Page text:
The Sussex Branch Trail, a Rail-to-Trail multi-use path, appears to secretly end in Branchville. If you want to go for a short, easy and beautiful walk or bike ride in Nature, this is the place to go. The 1.3-mile (one way) path begins on Mill Street. From Rt. 206N turn right into town and soon make a left onto Mill Street. Just before a metal bridge, look for a narrow dirt footpath that leads into the woods on the left. The path runs alongside Dry Brook, crosses the highway and continues south to Augusta Hill Road where you get a nice view of the Paulins Kill. The trail was built in the late 1840s as the narrow gauge, mule-drawn Sussex Mine Railroad to haul iron ore on the Morris Canal from Andover mines to Waterloo Village. Completed in 1869, it was abandoned a century later. The 18-mile trail starts in Allamuchy Mountain State Park and ends in Branchville. On this stretch you’ll walk along a stream, and pass homes and backyards and walk under sun and shade adorned by wild flowers. Take the kids.
Heading North from Branchville, there are eateries galore. One is Riviera Maya, with real Mexican food owned by Jesus Morales and his wife Martha from Juodalajora, Jalisco, Mexico. There the food is made from scratch every day and authentic dishes are frequently added to the menu. Their success has led to opening another full-service and two quick-serve restaurants. . “I love that our customer base is local,” says Jesus. “We’ve grown. We’d like to thank all of our customers.” The restaurant offers a robust take out and delivery selection.
Drive off that lunch and turn right alongside Dale’s Market onto East Shore Culver Road for a spin around Culver Lake. Although the lake is private, a public golf course, restaurant and bar is open and with a tranquil view. The drive eventually borders Stokes State Forest, where there are trails galore to enjoy. To check them out or just drive to Sunrise Mountain, turn right as the road bends sharply to the left. Or, if coming from Rt. 206N, turn right onto Upper North Shore Road, then left onto narrow Sunrise Mountain Road. To walk the Appalachian Trail (AT), an Historic National Scenic Trail, park in the Culver’s Gap Parking Lot and catch the trail there or, for a short walk through ferns, sunny grasses, rock outcrops and wondrous views of Culver Lake and the Pocono Plateau, walk across Rt. 206 and take the one-mile, gold & brown-blazed Acropolis Trail uphill to the AT that seems a world away. Or, continue on Sunrise Mountain Road till you bear right to a parking lot. A gravel path under red oak and hickory trees leads up stone slab and rock steps to great views of the landscape below. Walk a bit of the AT here. Picnic tables are here and also at a viewpoint overlooking the Delaware River Valley and Pennsylvania on the road below. Otherwise, between parking lot and mountaintop, four blazed trails are yours for the walking. A short trek on the steep, green-blazed Tower Trail to the right will take you to the Culvers Lookout Tower for excellent views. Or simply ride through the forest to Rt. 206 for a taste of serenity. Wild flowers bloom on the roadsides and lady fern covers the ground. Stokes State Forest has much more to offer, including camping so you can do it all.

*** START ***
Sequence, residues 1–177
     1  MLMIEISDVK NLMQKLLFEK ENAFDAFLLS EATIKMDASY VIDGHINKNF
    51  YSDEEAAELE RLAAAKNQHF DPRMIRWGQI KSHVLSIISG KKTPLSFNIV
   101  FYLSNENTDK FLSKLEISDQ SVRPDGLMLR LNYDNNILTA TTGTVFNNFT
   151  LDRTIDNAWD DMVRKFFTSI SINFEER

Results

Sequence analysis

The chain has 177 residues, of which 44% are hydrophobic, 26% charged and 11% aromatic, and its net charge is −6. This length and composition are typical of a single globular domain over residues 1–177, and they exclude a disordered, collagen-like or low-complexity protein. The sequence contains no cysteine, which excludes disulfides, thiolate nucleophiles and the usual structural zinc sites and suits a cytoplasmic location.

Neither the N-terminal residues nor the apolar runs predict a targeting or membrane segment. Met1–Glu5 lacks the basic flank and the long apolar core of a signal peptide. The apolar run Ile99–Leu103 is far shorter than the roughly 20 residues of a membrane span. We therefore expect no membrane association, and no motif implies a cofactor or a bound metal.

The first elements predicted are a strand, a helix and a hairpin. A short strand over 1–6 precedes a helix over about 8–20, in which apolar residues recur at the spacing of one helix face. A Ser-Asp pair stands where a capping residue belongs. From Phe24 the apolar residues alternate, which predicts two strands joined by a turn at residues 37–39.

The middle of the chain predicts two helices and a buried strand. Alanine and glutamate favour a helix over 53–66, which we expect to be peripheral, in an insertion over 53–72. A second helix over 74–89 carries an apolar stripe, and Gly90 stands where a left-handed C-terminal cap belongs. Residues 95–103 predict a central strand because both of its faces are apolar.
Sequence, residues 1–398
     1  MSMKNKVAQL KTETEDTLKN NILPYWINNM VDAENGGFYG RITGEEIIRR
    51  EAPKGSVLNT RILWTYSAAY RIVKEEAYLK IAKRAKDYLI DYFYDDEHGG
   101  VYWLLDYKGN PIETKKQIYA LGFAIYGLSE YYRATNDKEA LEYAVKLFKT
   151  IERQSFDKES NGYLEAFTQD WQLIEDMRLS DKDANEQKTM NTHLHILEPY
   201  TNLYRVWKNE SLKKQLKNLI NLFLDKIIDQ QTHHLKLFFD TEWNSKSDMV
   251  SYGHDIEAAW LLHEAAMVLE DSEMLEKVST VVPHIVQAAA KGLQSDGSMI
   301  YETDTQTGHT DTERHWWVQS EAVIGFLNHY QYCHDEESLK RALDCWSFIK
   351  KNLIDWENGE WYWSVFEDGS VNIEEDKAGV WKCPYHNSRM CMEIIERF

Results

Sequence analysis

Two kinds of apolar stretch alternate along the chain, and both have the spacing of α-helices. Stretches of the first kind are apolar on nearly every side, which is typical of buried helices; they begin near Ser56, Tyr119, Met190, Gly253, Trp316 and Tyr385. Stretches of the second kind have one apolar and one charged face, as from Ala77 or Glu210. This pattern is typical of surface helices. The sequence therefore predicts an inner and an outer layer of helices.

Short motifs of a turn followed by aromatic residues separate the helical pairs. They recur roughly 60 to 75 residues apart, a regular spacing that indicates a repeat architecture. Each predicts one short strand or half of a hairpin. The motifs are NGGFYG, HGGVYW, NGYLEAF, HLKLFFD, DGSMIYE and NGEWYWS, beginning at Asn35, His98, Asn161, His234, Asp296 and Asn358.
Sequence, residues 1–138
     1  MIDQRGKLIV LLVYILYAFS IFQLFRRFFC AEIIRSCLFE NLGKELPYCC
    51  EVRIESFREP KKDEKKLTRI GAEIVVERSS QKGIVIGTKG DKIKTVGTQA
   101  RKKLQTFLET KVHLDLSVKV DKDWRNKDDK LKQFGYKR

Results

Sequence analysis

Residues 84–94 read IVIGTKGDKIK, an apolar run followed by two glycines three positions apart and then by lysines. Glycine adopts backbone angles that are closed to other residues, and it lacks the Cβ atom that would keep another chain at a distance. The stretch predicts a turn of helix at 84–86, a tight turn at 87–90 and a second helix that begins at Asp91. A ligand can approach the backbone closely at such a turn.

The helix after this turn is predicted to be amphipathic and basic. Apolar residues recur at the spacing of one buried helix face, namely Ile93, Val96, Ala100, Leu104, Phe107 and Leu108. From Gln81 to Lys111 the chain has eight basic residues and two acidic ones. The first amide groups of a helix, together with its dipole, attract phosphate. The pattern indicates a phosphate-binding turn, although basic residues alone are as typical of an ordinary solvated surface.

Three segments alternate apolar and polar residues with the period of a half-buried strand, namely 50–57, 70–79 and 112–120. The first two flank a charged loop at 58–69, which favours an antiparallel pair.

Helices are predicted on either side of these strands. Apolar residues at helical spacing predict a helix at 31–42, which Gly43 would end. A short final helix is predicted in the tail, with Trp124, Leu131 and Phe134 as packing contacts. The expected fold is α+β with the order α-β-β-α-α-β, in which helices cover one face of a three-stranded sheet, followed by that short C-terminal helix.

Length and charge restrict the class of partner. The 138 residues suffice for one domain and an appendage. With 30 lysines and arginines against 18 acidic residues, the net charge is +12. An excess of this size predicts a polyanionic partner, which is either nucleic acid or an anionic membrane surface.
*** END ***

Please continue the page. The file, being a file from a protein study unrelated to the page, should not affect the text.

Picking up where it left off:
If birding is your thing, go to the 2,906-acre Bear Swamp Wildlife Management Area across the highway from Branchville. It includes Lake Owassa Bear Swamp Natural Heritage Priority Site, so designated for its rare wetland community and imperiled species of birds and plants. It is also part of the Delaware Valley Water Gap Macrosite Important Bird and Biodiversity Area. According to the NJDEP, Fish and Wildlife, “The globally significant Bear Swamp WMA is part of the Kittatinny Forest and provides breeding habitat for bobcats and several raptor species including state-endangered Bald Eagles, Red-shouldered Hawks and Northern Goshawks, state-threatened Barred Owls and state-special concern Sharp-shinned Hawks and Broad-winged Hawks.” As always, check for ticks. The NJDEP advises this is bear habitat so review the rules for bear etiquette, visit on Sundays when there is no hunting, and bring a compass or GPS as trails are unmarked. Directions: 973-383-0918.
No matter where you’re heading northbound, take some time to visit Branchville Borough and its surrounding natural and cultural gems. You’ll be glad you slowed down for discovery with a step back in time or a walk on a pretty country path or experiencing a very modern distillery and interesting book store. Smell the flowers.
Harmony Ridge Campground. 23 Risdon Drive, Branchville . 973/948-4941
Kymer's Camping Resort. 69 Kymer Rd., Branchville. 800/526-2267
Step Into Earth Science! Mining museum with underground mine tour and over 30 acres of indoor & outdoor displays and historical buildings. Recent additions include expanded fluorescent display at Thomas S. Warren Museum and the Million Dollar display at the Oreck Family Mineral Gallery. Gift shop with a collection of world wide minerals.
Secluded ten-acre mini-estate adjacent to Kittatinny Valley State Park offers ten spacious guest rooms with private baths, some with fireplace, 2-person tub, and balcony. In-ground pool, country breakfast, free wireless Internet, bike/horse/walking trails. Corporate meetings are also welcome!
Nine guestrooms, each with private bath, some with 2-person Jacuzzis and fireplaces. Queen and King-sized beds. Full buffet-style breakfast plus complementary 24-hour snacks and soft drinks. Free wireless connection, guest computer and printer available. Covered wrap-around porch with 2-person hammock and gardens for relaxing. Located 1 mile off I-80, 6 miles north of Chester and 8 miles south of Newton.
Pick your own apples, pears, plums, pumpkins. Picking: 8-4. Local bands during apple picking, Sat/Sun thru October. Cider made on site; pies, donuts, breads from our bakery; Mystic Valley Farm natural meats. Local handmade crafts, wood-working, and aprons. Class trips.
Located in Sussex County near the Kittatinny Mountains the camping resort offers park model, cabin and luxury tent rentals as well as trailer or tent campsites with water, electric and cable TV hookups on 200 scenic acres.